As a qualified Airline pilot you will fly passengers and/or cargo on long or short-haul flights. As a general rule, the aircraft that you will pilot is operated by two pilots. The first pilot will be the captain who has overall command of the aircraft, while the other pilot carries out a supporting role and will normally be referred to as the first officer. In order to avoid fatigue and tiredness the two pilots will share the flying of the aircraft. Whilst one of the pilots is controlling the aircraft the other one will be completing logs and paperwork and also be communicating with air traffic control. The captain has the overall responsibility for the safe and efficient operation of the aircraft including crew and passengers.

HOW TO BECOME AN AIRLINE PILOT – ABOUT THE AUTHOR

Lee Woolaston is currently a Flying Instructor and Captain with a Major UK Regional Airline. He currently flies the Embraer 135/145, a modern regional passenger jet airliner. He has approaching 5000 flying hours total time (3500 with the Airlines) and holds a JAR-FCL ATPL.

Prior to the flight, pilots check flight plans, ensure that the aircraft’s controls are operating efficiently and calculate the required fuel for the flight. They are also responsible for checking the weather conditions and briefing cabin crew.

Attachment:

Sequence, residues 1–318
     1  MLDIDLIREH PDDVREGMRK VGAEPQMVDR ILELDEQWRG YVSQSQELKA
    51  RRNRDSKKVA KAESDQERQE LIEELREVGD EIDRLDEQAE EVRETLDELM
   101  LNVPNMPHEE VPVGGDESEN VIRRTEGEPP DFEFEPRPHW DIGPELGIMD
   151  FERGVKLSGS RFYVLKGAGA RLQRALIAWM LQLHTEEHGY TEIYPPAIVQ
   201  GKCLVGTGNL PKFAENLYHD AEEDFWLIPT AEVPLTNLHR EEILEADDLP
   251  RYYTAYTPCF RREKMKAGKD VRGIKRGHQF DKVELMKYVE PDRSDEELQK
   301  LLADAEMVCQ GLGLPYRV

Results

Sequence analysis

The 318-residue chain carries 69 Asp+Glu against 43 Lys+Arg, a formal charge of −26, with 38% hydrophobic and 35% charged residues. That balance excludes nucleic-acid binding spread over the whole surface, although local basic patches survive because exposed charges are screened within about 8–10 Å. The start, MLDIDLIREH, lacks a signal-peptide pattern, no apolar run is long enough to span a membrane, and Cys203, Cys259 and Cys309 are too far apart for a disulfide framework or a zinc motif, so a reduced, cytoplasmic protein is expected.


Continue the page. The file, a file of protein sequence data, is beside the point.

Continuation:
A message from the author Lee Woolaston:

Dear future pilot,

I’d like to briefly introduce myself and give you a glimpse of my career so far in Aviation. I am currently a Captain with a Major UK Regional Airline. I fly the Embraer 135/145 at present. – A modern regional passenger jet airliner. I have approaching 5000 flying hours total time (3500 with the Airlines) and I hold a JAA ATPL.

My interest in learning to fly started when I did a series of parachute jumps for cancer research. After answering lots of my questions, the pilots at the parachute club said that it would be a good idea if I stopped “bugging” them and book myself in for a trial-flying lesson. That is exactly what I did, and the rest is history! I was hooked and instinctively knew that this is what I wanted to do for a living. It’s interesting that every pilot I’ve ever asked the question “how did you get in to flying?” Always has a unique story to tell.I became a flying instructor ten years ago (at the time of writing) and eight years ago got my first job as an Airline Pilot.

Within eighteen months I had progressed to a major regional UK Airline where I have spent the last six and a half years. I achieved my Command eighteen months ago and I have really enjoyed my career so far.It has been my intention to write this manual for a few years to help inform people about: financing, qualifying, becoming and working as an Airline Pilot in today’s market.

The main reason being that there are many pitfalls along the way, which year after year lots of people become victims of, especially nowadays.This guide will give you an invaluable insight into being an Airline Pilot and how you can avoid the many pitfalls along the way.

Warm regards,

Lee Woolaston